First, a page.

"I know what you mean, what they taught us there was useless, it wasn't until I left that I knew what I wanted to do."
The doors slammed shut. I suddenly became aware of the silence. The carriage was full of faceless people wearing pinstripes and high heels, all reading variations of the same news from behind a wall of newsprint. The train jerked into life and pulled out of the station. "So what do you do yourself?" It was his turn to be inquisitor.
"The same thing, actually."
"Yes, paint paint," I replied and began to paint the air with an invisible brush, as he had done.
"It's amazing that two escaped!"
On saying this, I could see him making the connection in his head. The pink paint on my DMs, the black rim of paint underneath my finger nails and my general unkempt appearance. All sure signs of a painter.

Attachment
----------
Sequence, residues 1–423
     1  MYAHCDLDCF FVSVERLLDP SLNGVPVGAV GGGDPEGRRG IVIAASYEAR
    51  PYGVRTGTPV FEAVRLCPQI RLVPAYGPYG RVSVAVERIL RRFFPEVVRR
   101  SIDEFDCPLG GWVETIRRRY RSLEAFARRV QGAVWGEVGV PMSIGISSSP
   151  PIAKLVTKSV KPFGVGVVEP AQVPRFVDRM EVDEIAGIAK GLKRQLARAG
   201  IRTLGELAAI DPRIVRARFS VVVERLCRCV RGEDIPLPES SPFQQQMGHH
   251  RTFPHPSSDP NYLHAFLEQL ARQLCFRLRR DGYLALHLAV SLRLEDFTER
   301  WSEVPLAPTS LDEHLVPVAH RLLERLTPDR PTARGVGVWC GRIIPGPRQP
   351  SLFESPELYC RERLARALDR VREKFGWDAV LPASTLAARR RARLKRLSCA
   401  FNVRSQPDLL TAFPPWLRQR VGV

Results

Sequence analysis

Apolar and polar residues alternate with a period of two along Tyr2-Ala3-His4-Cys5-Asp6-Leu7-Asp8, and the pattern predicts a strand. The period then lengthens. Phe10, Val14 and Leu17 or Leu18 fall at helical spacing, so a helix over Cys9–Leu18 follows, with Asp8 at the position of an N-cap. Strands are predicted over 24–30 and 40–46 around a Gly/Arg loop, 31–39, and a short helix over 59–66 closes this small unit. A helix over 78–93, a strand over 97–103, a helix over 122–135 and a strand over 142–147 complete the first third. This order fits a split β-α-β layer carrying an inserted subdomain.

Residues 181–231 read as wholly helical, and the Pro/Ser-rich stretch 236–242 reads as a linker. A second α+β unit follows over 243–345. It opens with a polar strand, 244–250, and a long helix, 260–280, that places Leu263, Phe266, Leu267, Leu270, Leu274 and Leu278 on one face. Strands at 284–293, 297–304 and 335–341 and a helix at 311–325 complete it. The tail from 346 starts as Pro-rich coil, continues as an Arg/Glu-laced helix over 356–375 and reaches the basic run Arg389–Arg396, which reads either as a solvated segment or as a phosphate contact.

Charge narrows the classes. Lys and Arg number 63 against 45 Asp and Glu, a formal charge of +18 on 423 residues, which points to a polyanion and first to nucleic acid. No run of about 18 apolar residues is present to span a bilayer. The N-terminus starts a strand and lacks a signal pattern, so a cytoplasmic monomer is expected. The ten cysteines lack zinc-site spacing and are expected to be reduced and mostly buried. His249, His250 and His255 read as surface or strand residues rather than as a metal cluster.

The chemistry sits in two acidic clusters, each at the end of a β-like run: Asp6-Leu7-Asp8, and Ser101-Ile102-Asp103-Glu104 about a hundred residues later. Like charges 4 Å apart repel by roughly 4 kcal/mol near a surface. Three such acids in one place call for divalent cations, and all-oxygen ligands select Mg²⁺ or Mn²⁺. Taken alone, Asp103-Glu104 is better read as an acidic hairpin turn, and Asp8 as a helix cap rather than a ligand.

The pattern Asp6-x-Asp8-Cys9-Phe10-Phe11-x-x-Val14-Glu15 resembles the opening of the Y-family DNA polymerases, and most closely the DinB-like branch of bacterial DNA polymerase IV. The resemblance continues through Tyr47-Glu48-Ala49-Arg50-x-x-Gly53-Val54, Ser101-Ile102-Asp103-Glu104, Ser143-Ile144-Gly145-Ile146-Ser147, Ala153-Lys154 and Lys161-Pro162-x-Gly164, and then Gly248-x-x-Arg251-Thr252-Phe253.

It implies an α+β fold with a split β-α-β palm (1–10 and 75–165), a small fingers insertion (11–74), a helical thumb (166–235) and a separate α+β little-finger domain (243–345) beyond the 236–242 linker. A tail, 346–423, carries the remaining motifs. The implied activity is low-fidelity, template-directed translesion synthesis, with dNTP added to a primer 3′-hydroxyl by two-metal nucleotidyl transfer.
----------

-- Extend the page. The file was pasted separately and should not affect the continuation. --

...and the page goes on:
He continued his line of questioning, "I know you were good at school, so what sort of things do you do now?"
"Yes, sometimes. But mostly large figure compositions."
"Do you work with a narrative or do you make it up on the canvas?"
"I do use a narrative, but nothing direct. I don't take a story and paint X, Y and Z wearing blue shoes and stripy socks just because they may have some bearing on the story. Instead, I work with a theme or an issue which I try to express."
"Judgment interests me. The way people judge themselves ( or don't) and how they believe they are qualified to judge others without sufficient knowledge to do so fairly. It's something I feel strongly about. I feel people's sense of morality is often questionable. What is socially acceptable and what is right and wrong are often not the same thing. I try to make the individual aware of themselves; maybe they would then be less inclined to play God." "Do you think people can read this in your work?"
As the train pulled into a station he moved towards the door.
"I have to get off here."